New Labour childcare offer favour rich but excludes poorest

Plaid Cymru denounces policy that subsidises families earning £200,000 a year

Labour’s new childcare policy will subsidise free childcare for the wealthiest families while excluding those from the poorest households looking to return to work says Plaid Cymru’s shadow education secretary Llyr Gruffydd AM, as the Children, Young People & Education Committee publishes its Stage 1 report on the Childcare Funding (Wales) Bill.

Confirming Plaid Cymru’s intention to vote against allowing the Bill to proceed to the next legislative stage, Llyr Gruffydd AM said: “Imagine a policy that provided 30 hours per week of free childcare for high-flying couples earning up to £200,000 a year while not providing the same for parents looking to return to work. People would wonder what crazy, right-wing think-tank had devised that sort of unfair system. Yet this is what the Labour Government in Wales is proposing to do. If they get away with it, they’ll be making the attainment gap between the poorest and better off children into a yawning chasm.

“By contrast, Plaid Cymru’s National Assembly election manifesto pledged free childcare, universally available to all 3-4 year olds. The primary purpose of this fully costed policy was to give every child the best possible start in life.

“All the evidence shows that access to good quality childcare strengthens children’s cognitive and social skills. The Royal College of Speech and Language Therapists has clearly highlighted its benefits to vocabulary and literacy development, which in turn improves educational attainment.”

“This is especially true of children from the most disadvantaged backgrounds.  There are nearly a third of Welsh children living in poverty and many are not covered by Flying Start provision, so I’m particularly passionate that those children are no longer left behind.”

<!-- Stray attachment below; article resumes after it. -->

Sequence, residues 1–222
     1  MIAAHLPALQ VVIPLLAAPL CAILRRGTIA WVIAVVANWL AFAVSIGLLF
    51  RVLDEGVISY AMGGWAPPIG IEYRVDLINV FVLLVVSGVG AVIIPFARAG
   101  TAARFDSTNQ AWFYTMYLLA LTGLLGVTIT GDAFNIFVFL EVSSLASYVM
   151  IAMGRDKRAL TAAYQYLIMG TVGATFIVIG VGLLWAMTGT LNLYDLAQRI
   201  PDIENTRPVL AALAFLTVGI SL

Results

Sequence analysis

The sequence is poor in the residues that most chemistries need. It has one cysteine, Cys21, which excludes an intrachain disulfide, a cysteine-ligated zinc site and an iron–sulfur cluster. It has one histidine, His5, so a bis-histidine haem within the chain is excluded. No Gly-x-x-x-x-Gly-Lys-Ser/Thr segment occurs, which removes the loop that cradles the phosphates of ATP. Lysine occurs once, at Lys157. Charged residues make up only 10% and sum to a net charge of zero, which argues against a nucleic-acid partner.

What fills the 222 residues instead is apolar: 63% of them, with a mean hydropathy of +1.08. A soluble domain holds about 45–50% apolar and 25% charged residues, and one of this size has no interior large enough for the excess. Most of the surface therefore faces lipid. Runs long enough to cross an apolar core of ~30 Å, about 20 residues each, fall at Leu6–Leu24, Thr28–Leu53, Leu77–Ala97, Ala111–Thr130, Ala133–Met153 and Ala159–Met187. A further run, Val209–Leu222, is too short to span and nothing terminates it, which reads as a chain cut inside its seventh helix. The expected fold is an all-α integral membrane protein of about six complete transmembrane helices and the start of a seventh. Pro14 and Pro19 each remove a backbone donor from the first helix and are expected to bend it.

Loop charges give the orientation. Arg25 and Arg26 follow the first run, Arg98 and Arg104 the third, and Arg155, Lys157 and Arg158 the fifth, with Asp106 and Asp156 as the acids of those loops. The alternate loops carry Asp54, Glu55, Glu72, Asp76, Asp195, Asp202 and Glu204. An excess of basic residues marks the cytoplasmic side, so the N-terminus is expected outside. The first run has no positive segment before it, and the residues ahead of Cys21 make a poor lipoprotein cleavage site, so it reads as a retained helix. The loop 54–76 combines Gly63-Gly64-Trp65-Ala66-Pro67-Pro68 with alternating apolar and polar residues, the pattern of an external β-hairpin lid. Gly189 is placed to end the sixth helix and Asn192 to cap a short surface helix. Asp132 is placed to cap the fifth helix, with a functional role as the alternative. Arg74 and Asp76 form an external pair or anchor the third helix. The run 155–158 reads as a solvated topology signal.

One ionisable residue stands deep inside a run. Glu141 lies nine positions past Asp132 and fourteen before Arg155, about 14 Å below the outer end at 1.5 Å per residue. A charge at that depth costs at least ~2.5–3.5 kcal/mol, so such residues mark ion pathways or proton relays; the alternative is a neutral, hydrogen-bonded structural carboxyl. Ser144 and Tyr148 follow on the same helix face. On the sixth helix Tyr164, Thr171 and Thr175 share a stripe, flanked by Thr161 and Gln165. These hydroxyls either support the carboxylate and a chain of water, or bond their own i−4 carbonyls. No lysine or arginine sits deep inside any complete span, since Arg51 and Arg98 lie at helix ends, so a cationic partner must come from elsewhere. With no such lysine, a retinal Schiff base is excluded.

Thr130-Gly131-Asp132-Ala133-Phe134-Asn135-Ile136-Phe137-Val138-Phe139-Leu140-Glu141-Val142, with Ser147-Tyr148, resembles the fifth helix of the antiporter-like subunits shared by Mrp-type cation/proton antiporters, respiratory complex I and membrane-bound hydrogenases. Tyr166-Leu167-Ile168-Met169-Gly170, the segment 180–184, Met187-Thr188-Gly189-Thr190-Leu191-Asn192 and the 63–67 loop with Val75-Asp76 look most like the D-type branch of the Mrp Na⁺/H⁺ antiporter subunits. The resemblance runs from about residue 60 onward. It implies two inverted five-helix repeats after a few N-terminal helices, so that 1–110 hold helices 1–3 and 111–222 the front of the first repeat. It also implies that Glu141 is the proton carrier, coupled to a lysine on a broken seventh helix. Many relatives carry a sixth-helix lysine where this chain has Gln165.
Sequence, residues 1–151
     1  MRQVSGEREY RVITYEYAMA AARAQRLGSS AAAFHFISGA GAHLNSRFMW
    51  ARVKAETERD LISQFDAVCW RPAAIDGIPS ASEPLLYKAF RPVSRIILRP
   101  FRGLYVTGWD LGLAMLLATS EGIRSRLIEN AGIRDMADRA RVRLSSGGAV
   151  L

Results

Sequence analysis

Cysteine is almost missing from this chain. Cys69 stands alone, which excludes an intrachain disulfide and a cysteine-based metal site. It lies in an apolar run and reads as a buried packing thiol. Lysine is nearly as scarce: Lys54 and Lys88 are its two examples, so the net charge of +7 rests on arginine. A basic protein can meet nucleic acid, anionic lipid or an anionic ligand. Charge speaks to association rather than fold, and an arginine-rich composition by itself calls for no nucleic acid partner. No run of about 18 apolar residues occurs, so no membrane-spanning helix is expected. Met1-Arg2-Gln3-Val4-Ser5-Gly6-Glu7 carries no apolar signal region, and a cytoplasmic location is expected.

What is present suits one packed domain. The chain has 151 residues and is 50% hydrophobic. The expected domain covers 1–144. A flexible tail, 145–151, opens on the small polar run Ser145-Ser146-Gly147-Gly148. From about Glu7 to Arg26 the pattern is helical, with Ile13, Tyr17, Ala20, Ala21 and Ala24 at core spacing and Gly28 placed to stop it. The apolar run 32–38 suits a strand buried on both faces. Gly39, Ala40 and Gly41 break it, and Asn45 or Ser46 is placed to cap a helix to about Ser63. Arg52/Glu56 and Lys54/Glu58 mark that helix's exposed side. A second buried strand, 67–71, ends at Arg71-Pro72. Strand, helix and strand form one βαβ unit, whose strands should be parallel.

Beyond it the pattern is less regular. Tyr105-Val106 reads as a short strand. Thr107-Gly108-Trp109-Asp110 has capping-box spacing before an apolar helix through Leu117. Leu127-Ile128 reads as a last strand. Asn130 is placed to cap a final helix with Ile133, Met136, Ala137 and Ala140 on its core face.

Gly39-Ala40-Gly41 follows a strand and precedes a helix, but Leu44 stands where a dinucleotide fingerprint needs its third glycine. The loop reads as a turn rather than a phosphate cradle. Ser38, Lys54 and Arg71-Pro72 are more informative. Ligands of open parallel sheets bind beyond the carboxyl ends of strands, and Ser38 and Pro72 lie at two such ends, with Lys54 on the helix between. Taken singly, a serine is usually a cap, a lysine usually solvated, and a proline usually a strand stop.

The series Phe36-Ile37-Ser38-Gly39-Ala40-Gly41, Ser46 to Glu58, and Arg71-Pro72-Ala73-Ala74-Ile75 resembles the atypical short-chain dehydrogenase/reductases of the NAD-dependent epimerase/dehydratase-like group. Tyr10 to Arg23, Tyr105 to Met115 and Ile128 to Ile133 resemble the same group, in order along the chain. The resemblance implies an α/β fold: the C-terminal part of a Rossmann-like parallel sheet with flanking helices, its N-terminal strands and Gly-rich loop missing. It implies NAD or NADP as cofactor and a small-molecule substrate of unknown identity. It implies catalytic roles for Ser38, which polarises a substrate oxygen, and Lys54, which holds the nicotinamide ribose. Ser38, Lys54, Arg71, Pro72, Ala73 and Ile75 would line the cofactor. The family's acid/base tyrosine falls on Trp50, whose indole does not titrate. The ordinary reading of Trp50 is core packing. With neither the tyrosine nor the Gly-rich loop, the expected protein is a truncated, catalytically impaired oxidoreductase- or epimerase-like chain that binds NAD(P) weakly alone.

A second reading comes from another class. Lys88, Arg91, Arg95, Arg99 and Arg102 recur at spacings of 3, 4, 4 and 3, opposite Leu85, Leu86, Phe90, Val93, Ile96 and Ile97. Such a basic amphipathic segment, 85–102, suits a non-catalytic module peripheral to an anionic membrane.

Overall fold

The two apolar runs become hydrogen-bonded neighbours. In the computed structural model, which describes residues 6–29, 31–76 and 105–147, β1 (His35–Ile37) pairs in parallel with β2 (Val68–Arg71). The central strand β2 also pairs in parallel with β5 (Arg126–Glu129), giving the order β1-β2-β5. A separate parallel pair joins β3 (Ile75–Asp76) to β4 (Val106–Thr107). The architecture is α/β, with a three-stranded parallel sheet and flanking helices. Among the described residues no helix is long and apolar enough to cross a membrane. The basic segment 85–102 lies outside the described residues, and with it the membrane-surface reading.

Llyr Gruffydd AM said he could not support Labour’s policy of providing free childcare only to working parents – including couples earning up to £200,000 a year, whilst denying those from the poorest, workless households the same opportunity.

Subsidy for Wales’ wealthiest families

His concerns are shared by many across the sector, most notably the Children’s Commissioner for Wales, children’s organisations such as Save the Children and teaching unions such as the NASUWT.

Llyr Gruffydd AM said: “The policy targets funding by restricting its provisions to the children of working parents only. The Children’s Commissioner described Labour’s Bill as providing a large subsidy for some of Wales’ wealthiest families and warns that excluding non-working parents was ‘likely to reinforce inequalities in outcomes for different social groups’.

“It’s shocking to note that children aged just three from the poorest families are already around 10 months behind those from better-off backgrounds in terms of development. This policy risks widening that school readiness gap, and children who fall behind early are more likely to remain behind throughout their education.

“Because the majority of children in poverty live outside the defined Flying Start areas, these disadvantaged children in Wales will fall through the gaps and find themselves without the childcare support their better-off peers will enjoy.”

“It is ironic that the Minister responsible for this Bill, Huw Irranca-Davies, has recently based his bid for the Welsh Labour leadership on the need for universal pre-school provision. By his own admission, universal childcare, which is what Plaid Cymru proposes, helps address the impacts of poverty. It narrows the attainment gap when children start school. And it transforms the life chances of these children as they grow into adulthood and throughout their lives.

“As the Minister responsible for childcare in Wales he has the power to introduce free universal childcare now. Indeed, had he voted for Plaid Cymru at the last Assembly election we would have already started introducing it.”

 

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